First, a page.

New techniques also make it possible to donate only part of an organ. For example, two people can each donate part of one lung to build a new lung for a person needing a transplant. This most often occurs when two parents give part of their lung to a child with cystic fibrosis. Provided that the risk to the donor is minimal, few ethicists have a problem with this kind of donation. But as the distance of the relationship increases, so does the ethical dilemma.
"My personal feeling is that the success of kidney transplant is so dramatic, and life on dialysis is so miserable, that any effort to expand living transplantation has to be encouraged," Remuzzi says. "Living donations from one's spouse, parents, or children -- these are the most important ones normally done. We also often see brothers or sisters or emotionally related donors, such as a patient's fiancée. But it is another issue whether to encourage normal people to give kidneys to others that are in need. I think this debate has to be opened and widely discussed. The problem is that civilized countries have to do everything they can to avoid a person selling part of his body for money. So contracts that are more or less unclear must be avoided."
Transplant expert Yves Vanrenterghem, MD, PhD, from the University of Leuven, Belgium, is more cautious. He tells WebMD that live donation is not popular in his country. "One reason is that we have a rather high number of organs [donated upon death]. In that case, the need for organs from living donors is less important. I do not have an ethical problem with live donors as such, but it is never our first choice. If patients ask and a living donor is available we will not refuse to do that.
"We have done some spouse donations, and there I don't see any involvement of third parties. In many cases this concerns older patients where children have left home, and the two people are just responsible for themselves, then there is no coercion. This is often not the case with brothers and sisters, which quite often brings more psychological problems than between spouses. Using spouses who have reached the age of 60 or so is more acceptable than organs from brothers and sisters where you never can exclude a kind of coercion. That said, I should be very, very careful in using really nonrelated -- emotionally nonrelated -- donors. This is already a step much further than using organs from spouses," Vanrenterghem says.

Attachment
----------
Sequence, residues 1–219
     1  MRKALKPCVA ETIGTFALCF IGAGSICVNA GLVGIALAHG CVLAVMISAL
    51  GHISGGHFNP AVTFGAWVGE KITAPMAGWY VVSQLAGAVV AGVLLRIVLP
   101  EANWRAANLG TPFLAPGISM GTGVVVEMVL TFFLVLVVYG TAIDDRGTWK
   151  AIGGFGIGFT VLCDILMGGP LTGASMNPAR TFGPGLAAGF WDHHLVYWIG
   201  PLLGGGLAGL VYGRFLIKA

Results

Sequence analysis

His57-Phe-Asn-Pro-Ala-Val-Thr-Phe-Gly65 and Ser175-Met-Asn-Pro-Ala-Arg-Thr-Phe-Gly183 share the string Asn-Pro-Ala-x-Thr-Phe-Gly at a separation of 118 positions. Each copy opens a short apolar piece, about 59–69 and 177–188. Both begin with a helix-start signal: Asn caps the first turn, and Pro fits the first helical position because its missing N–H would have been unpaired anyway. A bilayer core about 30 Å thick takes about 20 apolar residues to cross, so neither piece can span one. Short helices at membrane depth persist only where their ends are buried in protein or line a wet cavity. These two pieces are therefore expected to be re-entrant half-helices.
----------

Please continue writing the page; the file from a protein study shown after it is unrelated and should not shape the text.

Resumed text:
Newman of UNOS tells WebMD that one U.S. organ procurement center has established a protocol for anonymously matching volunteer organ donors with unrelated recipients. "There are risks to living donation that need to be considered," he says. "There will be a growing number of people coming forward, not for a family member but for someone in need to have a kidney or a part of another organ. The concern in the U.S. is less with coercion than with compensation or the potential donors' expectation of something like compensation. Most living donors are altruistic, but some are looking for some form of recognition. Coercion is probably more of a problem within the family setting. There's a lot of work being done in the psychosocial realm. But there is no established protocol across the country -- it is still more a practice-based than a protocol-based approach."